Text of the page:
Information for Physicians - About PK

To my fellow anesthesia and surgical colleagues I ask you,

“How difficult do we need to make essentially simple cases?”

All cosmetic surgery takes place on the body’s ‘wrapper,’ the extra-cavitary structures. Involves the initial injection of lidociane and epinephrine containing solutions can be performed safest with local anesthesia only but is the least favorite option for most patients, surgeons and support staffs.

General anesthesia (GA) is the most common anesthetic for cosmetic surgery.
GA exposes patients to the greatest number of lethal risks as well as unpleasant side effects.
PK (propofol ketamine) anesthesia with a brain activity monitor looks like a GA 99% of the time for the surgeon and the OR support staff. There is a quick wake up and postop discharge time.
With PK anesthesia, patients do not hear, feel or remember their surgery (like GA), BUT without the risks or side effects. No PONV (without expensive, minimally effective anti-emetics) and minimal postop pain.
Your time is valuable.
Wouldn't seeing new consults instead of dealing with postoperative pain and nausea and vomiting issues be a better use of your time? Wouldn’t your patients (their families and your staff) be happier, too?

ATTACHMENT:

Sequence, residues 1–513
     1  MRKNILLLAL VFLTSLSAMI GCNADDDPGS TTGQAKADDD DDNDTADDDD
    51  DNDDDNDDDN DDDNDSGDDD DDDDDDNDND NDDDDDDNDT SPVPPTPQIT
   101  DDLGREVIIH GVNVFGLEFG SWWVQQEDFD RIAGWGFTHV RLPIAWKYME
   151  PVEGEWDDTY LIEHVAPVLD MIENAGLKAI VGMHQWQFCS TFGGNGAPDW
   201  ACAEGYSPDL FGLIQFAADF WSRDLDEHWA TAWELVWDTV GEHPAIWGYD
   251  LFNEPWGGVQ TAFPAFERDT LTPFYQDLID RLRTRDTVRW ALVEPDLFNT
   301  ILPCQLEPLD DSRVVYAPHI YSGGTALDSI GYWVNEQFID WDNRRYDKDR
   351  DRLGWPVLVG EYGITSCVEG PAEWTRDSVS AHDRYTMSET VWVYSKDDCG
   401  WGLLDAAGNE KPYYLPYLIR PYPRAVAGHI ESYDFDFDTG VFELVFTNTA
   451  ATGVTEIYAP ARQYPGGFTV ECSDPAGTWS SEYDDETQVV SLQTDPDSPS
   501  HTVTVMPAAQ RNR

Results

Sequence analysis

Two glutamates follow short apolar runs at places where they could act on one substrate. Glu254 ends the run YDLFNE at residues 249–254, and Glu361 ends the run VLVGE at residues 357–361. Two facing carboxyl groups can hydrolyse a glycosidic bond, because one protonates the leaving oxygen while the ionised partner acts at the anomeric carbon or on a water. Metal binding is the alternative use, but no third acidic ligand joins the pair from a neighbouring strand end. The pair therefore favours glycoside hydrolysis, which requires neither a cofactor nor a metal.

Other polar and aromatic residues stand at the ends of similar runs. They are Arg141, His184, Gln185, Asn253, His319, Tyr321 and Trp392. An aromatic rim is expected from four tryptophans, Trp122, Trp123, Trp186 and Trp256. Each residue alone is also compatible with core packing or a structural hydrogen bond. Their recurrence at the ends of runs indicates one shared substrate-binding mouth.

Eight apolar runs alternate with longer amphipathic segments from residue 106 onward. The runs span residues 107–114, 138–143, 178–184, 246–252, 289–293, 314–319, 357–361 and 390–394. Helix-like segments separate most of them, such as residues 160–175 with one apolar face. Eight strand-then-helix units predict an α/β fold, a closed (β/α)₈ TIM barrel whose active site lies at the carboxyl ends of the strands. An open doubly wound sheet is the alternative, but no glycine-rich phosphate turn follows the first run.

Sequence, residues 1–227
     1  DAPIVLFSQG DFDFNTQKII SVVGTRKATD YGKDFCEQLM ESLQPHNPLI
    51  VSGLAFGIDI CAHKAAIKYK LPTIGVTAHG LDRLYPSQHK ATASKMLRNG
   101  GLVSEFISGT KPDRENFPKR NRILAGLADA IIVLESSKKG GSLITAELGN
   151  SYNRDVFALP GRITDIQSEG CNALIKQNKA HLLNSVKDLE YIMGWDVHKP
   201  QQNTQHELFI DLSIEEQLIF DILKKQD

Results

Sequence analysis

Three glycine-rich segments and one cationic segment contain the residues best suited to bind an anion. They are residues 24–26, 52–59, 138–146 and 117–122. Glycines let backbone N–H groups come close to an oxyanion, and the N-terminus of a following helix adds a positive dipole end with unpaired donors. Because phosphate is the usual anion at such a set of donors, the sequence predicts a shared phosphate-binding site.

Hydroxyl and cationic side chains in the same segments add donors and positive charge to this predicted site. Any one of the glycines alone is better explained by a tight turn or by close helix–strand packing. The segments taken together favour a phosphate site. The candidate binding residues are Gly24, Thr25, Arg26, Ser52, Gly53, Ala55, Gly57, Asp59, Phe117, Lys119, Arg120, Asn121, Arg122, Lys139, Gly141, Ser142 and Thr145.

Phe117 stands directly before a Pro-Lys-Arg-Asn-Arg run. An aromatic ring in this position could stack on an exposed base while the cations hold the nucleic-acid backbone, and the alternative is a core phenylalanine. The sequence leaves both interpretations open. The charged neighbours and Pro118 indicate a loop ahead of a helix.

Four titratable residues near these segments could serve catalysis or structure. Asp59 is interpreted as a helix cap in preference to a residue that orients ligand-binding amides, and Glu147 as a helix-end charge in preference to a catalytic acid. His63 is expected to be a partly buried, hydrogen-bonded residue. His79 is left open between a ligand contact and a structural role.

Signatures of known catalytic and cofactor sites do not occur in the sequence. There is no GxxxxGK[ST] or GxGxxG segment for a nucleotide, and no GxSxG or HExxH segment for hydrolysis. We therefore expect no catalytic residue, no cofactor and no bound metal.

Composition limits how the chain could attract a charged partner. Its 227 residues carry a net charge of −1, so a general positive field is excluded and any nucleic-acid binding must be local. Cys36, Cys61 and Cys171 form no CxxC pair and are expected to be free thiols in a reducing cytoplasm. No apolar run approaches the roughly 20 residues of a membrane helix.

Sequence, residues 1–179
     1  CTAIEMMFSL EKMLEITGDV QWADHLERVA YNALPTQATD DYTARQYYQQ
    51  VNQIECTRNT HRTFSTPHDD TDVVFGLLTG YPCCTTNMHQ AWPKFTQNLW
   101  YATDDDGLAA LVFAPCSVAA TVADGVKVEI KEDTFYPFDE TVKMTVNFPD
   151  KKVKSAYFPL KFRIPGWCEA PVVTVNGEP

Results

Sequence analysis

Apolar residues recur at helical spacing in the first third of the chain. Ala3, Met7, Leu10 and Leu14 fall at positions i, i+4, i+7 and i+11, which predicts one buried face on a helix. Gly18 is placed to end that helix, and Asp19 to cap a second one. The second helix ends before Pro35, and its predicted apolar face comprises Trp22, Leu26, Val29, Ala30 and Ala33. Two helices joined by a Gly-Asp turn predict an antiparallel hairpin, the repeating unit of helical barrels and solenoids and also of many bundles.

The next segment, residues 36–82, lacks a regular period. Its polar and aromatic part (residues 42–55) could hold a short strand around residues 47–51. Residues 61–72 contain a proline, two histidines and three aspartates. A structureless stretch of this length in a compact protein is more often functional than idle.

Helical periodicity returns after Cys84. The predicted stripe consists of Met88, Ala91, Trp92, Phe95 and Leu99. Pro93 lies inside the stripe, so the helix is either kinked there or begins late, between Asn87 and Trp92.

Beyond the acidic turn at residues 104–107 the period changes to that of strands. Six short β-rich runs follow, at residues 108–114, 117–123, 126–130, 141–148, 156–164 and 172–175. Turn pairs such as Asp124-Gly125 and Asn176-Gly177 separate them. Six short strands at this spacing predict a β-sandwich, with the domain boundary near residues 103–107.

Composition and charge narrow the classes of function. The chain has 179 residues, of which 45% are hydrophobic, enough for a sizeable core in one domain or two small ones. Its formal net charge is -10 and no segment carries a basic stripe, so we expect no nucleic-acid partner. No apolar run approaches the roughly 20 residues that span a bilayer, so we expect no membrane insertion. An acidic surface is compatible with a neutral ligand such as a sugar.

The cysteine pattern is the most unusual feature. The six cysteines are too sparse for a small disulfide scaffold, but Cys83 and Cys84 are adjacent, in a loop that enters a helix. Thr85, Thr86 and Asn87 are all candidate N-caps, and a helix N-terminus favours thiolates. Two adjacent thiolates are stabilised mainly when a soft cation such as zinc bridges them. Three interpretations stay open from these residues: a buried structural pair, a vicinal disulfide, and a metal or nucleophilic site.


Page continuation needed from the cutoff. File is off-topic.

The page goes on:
The difference between GA and PK is your willingness to stop for the 10 seconds of your               time to re-inject a few ccs of local anesthesia in the immediate area in which you were just              stimulating the patient.
Since 1992: PK anesthesia – no deaths, no pulmonary emboli, no aspiration, no hospitalizations.
General anesthesia cannot make that claim.
     High media profile cases with general anesthesia:1997, Judy Fernandez - death; 2007, Donde        West - death; 2008, Stephanie Kuleba - death; 2009, Tameka Foster - near death.
Every cosmetic case, including abdominoplasty with rectus sheath imbrication, has been successfully performed using PK anesthesia for many different surgeons without the need to convert to general anesthesia.
Propofol is generic. PK anesthesia is cost effective. Safety is not an issue, nor is simplicity. Reproducibility has not been an issue.
With so little asked of the surgeon and so much gained for the patient (and the people who care for the patient postoperatively) i.e. outcomes and satisfaction,
                              “How difficult do we need to make essentially simple cases?”
Prep, inject local, cut, dissect, hemostasis and close.
contains explicit ‘how to’ instructions for PK anesthesia, as well as errors to avoid
is avaialble free from this web site.

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